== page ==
Two representatives from Search and Rescue, Josh Davis and Adam Johnson, came to the meeting asking for some funding to help the organization keep operating. Right now the volunteer organization, which works with the Cleburne County Sheriff’s Office, survives on fundraisers, Davis told the commission members. But some setbacks have left the group unable to meet all its needs, he said.
The main truck the members use has blown a tire, both the organization’s boats need tune ups and the motors need upgrades and repairs. Also, some of the members do not have pagers and radios, and they have to be reached by phone, Davis said.
The organization’s insurance bill is also coming due in September, and the money just isn’t available to pay for it, he said.
“We’ve hit a wall, and now we’re asking y’all for some help,” Davis said.
Commissioner Emmett Owen asked if the commission could commit some tobacco tax funding to the organization. The commission members receive a portion of the tobacco tax funds to use in their districts. Owen said he could give some of that money to the group.
“There’s $27,000 left of that funding left for District 2,” Owen said, referring to his district.
County Administrator Steve Swafford said tobacco tax proceeds can be used for outdoor recreation, and the argument could be made that search and rescue supports outdoor recreation. For instance if a hiker got lost on a trail or there were a boating accident, Search and Rescue would respond, he said.
“However, I would encourage you to use caution from an equity standpoint,” Swafford said. “Say that we’re going to support Cleburne County Search and Rescue. But we might not support Cane Creek Fire Department.”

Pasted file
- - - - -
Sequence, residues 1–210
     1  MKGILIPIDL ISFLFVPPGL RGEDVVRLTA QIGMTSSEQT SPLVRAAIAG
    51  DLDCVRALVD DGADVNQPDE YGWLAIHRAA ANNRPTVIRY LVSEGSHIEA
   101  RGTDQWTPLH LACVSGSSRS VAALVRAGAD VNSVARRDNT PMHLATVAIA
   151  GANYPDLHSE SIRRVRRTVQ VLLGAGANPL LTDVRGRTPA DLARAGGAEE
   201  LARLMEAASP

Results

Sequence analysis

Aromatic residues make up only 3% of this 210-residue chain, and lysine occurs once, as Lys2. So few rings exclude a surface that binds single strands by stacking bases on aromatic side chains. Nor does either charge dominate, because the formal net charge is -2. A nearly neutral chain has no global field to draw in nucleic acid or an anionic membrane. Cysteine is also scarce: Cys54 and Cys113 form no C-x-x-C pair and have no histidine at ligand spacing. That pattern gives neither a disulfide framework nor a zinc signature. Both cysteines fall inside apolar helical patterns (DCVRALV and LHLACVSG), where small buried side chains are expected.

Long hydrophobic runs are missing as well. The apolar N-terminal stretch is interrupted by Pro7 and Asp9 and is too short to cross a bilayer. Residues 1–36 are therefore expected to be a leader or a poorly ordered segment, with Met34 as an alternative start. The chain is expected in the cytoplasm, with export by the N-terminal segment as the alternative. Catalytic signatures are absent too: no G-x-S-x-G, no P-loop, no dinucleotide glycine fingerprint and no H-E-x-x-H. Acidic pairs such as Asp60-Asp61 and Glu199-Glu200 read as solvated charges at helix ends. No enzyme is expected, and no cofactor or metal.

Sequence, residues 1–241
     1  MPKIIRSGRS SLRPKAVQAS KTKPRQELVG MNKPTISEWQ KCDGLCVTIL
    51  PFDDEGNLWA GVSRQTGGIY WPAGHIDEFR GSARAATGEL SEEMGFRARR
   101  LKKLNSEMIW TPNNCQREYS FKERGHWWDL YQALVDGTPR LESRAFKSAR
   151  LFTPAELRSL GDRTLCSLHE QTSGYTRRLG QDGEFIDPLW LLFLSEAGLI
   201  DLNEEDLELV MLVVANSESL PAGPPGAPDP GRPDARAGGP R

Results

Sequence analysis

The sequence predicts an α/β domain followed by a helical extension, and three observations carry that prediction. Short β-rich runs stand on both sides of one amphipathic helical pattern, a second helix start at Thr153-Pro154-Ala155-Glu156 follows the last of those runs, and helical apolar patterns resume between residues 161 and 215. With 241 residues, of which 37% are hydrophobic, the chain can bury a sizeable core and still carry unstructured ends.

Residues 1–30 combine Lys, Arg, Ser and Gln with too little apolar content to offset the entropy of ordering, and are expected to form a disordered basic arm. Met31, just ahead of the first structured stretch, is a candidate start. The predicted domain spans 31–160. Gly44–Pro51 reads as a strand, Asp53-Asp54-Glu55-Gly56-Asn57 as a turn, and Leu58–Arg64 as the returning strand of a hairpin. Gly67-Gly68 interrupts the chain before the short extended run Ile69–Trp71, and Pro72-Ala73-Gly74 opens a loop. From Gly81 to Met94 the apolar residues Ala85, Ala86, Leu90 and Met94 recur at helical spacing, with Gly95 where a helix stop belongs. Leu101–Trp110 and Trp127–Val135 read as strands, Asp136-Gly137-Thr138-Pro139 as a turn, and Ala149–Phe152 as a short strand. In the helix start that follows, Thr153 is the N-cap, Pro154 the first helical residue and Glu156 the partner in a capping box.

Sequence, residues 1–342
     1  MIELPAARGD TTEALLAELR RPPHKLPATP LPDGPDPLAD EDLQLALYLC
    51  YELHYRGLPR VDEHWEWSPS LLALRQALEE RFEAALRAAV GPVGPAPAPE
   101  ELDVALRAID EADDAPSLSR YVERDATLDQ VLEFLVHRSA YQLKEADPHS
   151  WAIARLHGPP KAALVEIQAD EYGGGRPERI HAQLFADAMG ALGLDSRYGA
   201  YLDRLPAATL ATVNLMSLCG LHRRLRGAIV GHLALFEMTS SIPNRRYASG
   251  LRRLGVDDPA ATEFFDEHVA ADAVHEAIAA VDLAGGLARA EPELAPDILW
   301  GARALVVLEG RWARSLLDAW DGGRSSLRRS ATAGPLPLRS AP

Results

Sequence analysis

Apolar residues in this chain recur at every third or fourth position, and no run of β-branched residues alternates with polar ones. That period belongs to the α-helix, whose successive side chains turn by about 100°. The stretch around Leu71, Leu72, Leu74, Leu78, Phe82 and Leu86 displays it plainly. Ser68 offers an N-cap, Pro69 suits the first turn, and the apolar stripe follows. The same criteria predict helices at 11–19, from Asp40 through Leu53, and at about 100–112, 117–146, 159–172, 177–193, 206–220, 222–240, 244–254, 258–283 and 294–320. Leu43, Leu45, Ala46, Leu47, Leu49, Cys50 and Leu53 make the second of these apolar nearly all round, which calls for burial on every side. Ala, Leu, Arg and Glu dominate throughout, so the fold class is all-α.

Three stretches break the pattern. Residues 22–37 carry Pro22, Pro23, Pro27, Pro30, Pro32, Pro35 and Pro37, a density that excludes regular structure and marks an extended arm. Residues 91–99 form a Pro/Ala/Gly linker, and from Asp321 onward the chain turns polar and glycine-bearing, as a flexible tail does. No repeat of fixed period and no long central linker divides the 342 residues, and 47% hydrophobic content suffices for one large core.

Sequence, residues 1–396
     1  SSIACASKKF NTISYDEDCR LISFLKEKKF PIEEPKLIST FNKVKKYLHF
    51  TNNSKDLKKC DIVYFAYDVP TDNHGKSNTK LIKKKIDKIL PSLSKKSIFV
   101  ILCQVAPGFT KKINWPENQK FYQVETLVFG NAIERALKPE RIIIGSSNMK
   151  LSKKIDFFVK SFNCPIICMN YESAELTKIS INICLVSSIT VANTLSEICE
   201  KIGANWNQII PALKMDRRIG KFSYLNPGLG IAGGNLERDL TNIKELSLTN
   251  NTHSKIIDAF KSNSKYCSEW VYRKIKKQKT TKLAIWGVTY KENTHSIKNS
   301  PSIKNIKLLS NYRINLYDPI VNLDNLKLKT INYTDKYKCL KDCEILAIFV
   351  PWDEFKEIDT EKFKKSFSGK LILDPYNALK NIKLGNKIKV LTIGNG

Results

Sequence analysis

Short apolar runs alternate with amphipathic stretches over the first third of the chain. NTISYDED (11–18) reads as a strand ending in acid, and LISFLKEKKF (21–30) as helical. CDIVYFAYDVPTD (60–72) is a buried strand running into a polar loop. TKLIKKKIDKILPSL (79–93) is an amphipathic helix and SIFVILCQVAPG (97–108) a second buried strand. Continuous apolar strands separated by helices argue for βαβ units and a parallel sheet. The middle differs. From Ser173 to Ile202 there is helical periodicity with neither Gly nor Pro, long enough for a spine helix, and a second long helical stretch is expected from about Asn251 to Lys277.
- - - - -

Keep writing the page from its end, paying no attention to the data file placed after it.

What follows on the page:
Owen asked if the organization was licensed through the state. He said he believes there is state funding available, but the organization has to be licensed to receive it.
Davis said he was unaware of the status of the organization.
“I don’t attend as many meetings as I want to because of classes,” Davis said. “But I haven’t heard anything about getting a license.”
Revenue Commissioner Joyce Fuller was at the meeting and said the legislation to which Owen was referring did not pass the Alabama Legislature.
She was familiar with the legislation because it would have created a $2 voluntary donation listed on the property tax bill, which her office sends out, she said. She thinks the legislation was going to be filed again for the upcoming session, Fuller said.
Owen asked if the 2 mill property tax that is currently collected by Cleburne County could be used to help fund the search and rescue group. Fuller said that tax was established by state legislation and is collected for the fire departments specifically. It couldn’t be changed except by new legislation.
“I really have a concern about our Search and Rescue,” Owen said. “These guys are coming here serious about whether we’re going to have a search and rescue funded next year.”
Swafford said the county could look into new local legislation adding a 2 mill property tax that could be distributed among the fire departments and the search and rescue group.
The 2 mill property tax currently brings in about $198,000, Fuller said. That is split evenly among the 12 fire departments in the county, she said. There is also a 2 mill tax on car tags collected by the Probate Office, but she was unsure how much that typically brought in, Fuller said.
If the commission were to hold a referendum for a new 2 mill tax, it could specify how the money will be handed out, Swafford said. It could be split on a per call basis or by population, and it could include search and rescue, he said.
“There is no truer form of democracy than a referendum,” said Commissioner Bobby Brooks.
The commission members asked Swafford to draft sample legislation for their review.
Staff writer Laura Camper: 256-235-3545. On Twitter @LCamper_Star.